Congressional Overtime Rules Advance
New overtime regulations recently issued by the Labor Department have moved one step closer to covering thousands of staffers on Capitol Hill after the Office of Compliance submitted proposed new rules for Congressional employees.
The 1995 Congressional Accountability Act mandates that the Fair Labor Standards Act — which requires a minimum wage, overtime compensation and equal pay for men and women — be applicable to Hill staffers. The Office of Compliance board of directors sent the House and Senate proposed regulations earlier this month, starting a 30-day comment period that ends Oct. 29.
After the board processes any comments, the directors will then submit final proposed rules, which require Congressional approval.
Three of the five board members were term-limited out on Oct. 1, however, and President Bush has yet to sign legislation approved by both chambers that would allow their tenures to be renewed. Until that bill is sent to the White House and signed, the board is comprised of only two members.
The controversy surrounding the issuance of the regulations in August by the Labor Department could turn the regulations promulgated by the Office of Compliance into a political football, although Congressional action seems unlikely until next session. The new regulations were opposed by many Members, particularly Democrats, who deemed them tilted against employees.
The noncontroversial part of the rules issued by the Labor Department states that workers who earn less than $23,660 annually will become automatically eligible for overtime pay, a boost from the previous threshold of $8,060 last revised in the 1970s.
The contentiousness stems from a provision that salaried workers who fall between $23,660 and $100,000 a year could lose overtime based on a duties test determining whether they can be classified as a professional or an administrator, and thus ineligible for overtime.
The CAA leaves little room for the Office of Compliance board to substantially alter the rules issued by the Labor Department. Indeed, the 29-page regulations submitted by the board mirror the Labor Department’s version almost exactly. One notable change reflected in the rules submitted to Congress is the exclusion of interns, as required by the CAA.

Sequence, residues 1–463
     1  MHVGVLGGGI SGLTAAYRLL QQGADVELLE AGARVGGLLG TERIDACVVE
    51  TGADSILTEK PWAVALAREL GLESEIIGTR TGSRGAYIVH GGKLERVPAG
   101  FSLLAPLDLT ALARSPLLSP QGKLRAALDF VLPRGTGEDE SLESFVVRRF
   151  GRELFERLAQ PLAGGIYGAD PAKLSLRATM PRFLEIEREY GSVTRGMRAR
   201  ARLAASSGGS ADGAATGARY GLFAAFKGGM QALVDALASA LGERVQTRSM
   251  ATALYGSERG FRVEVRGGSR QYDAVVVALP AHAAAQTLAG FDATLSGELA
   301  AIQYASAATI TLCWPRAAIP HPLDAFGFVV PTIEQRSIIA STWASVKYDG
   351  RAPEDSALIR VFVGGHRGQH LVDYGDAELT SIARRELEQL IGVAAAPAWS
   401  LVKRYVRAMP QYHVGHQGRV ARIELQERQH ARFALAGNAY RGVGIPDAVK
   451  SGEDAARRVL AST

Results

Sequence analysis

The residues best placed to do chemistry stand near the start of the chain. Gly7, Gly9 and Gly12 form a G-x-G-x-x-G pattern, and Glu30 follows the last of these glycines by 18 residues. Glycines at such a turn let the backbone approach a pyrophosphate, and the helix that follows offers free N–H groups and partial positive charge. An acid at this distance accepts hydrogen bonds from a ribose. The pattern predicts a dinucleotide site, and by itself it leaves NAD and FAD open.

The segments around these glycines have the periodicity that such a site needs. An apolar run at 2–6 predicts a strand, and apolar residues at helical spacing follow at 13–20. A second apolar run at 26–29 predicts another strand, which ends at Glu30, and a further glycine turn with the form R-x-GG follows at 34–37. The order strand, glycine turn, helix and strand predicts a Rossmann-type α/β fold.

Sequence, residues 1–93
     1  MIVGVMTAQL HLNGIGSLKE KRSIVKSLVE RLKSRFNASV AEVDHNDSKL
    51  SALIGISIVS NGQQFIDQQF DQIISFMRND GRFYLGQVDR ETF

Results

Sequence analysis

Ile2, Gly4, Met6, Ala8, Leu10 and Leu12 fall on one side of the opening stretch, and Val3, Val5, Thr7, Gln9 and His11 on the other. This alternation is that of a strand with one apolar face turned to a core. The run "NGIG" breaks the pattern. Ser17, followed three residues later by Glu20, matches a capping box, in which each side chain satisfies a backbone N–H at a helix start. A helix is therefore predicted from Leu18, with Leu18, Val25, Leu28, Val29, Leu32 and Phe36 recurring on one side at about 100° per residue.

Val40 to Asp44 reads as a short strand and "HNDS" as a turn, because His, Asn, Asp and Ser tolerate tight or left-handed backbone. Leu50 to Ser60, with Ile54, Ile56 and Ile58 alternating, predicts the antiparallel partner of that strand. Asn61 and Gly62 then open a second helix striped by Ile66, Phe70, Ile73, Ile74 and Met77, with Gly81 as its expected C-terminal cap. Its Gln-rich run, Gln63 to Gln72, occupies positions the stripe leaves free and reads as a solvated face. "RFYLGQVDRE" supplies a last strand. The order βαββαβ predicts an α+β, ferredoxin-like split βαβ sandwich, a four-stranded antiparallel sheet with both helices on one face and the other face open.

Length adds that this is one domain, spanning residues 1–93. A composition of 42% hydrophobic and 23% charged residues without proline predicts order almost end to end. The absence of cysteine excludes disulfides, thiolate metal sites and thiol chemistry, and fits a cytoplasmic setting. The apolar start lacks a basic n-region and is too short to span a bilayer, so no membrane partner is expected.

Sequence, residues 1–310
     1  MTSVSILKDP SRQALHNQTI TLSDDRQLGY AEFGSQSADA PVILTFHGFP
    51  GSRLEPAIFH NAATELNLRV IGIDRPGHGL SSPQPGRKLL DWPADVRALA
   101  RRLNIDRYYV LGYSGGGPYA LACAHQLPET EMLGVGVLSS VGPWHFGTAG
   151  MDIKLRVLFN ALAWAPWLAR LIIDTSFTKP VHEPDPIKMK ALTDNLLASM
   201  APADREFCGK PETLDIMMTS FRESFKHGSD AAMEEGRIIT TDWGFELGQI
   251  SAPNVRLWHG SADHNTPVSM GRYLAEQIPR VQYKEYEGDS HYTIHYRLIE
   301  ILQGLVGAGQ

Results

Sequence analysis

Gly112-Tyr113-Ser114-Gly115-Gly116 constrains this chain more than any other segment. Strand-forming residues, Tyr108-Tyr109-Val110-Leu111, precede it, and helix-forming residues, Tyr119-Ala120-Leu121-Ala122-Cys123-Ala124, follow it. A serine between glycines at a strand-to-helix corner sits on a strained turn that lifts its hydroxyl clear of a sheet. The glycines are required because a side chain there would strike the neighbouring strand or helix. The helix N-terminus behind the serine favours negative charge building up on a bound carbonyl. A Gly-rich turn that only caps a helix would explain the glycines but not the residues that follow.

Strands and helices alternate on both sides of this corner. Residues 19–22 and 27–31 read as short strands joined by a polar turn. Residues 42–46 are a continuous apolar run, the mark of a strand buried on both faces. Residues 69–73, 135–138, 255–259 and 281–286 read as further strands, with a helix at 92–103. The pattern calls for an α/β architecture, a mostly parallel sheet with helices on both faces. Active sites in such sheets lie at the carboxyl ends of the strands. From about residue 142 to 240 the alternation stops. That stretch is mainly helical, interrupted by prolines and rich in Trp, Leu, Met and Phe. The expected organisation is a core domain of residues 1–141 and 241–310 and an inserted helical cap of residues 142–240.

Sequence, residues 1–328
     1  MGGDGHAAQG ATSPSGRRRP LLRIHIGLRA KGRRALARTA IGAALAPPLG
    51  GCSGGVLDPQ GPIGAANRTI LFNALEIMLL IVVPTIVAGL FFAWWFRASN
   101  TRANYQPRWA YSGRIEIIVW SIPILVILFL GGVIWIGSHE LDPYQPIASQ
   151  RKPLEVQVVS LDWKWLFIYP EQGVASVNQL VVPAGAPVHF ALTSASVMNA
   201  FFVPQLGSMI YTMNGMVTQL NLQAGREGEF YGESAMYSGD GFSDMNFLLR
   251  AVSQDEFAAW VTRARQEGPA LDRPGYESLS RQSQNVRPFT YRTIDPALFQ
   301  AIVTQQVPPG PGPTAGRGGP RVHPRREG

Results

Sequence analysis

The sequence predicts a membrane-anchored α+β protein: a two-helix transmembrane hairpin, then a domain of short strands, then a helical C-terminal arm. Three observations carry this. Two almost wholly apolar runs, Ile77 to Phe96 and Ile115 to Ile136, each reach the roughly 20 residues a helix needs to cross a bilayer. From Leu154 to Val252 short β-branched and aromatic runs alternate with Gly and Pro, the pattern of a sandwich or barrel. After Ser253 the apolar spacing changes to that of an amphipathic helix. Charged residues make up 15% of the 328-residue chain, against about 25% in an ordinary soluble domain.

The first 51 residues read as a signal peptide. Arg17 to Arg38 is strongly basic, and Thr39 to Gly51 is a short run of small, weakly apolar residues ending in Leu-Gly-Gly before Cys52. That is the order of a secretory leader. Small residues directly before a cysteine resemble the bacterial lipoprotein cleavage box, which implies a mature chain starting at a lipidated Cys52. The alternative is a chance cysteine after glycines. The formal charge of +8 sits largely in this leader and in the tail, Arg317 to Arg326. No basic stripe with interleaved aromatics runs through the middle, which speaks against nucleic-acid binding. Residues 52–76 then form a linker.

Until Congress approves the new rules, the regulations issued by the Office of Compliance board in 1996 will remain in effect.
But even a decade after the CAA was passed, it is not at all clear that Congressional offices uniformly apply the existing overtime rules. No study has been done to indicate how this provision of the CAA is complied with or implemented, and the Byzantine nature of the rules themselves has prompted various interpretations by individual offices as to whether particular employees qualify.
Most staffers who work in a Member’s personal office or on a committee are automatically disqualified from earning overtime because of the professional or administrative nature of their work. Staff assistants, who primarily answer the telephone and sort mail, however, fall into a more ambiguous area of the law.
According to a 2002 House staff employment study done by the nonprofit Congressional Management Foundation for the Chief Administrative Officer, 20 percent of staff assistants in that chamber made $23,500 a year or less, meaning that as many as one in five staff assistants in the House may qualify for overtime under the new rules.
But anecdotal evidence suggests that many offices assume that staff assistants have some managerial role — overseeing an intern program, for example — or quietly ignore the overtime portion of the law altogether.
Even if an office determines that a particular staffer qualifies for overtime pay, the employee is often sent home rather than given the opportunity to accrue additional compensation. In addition, the regulations issued by the Office of Compliance in 1996 recognized the irregular work schedules caused by jobs that directly depended on the schedule of the House or Senate and thus allowed for compensatory time off.
The new regulations could have a more substantial effect on nonlegislative employees, including those who work for the Capitol Police and the Architect of the Capitol. But exactly what that impact will be remains unclear.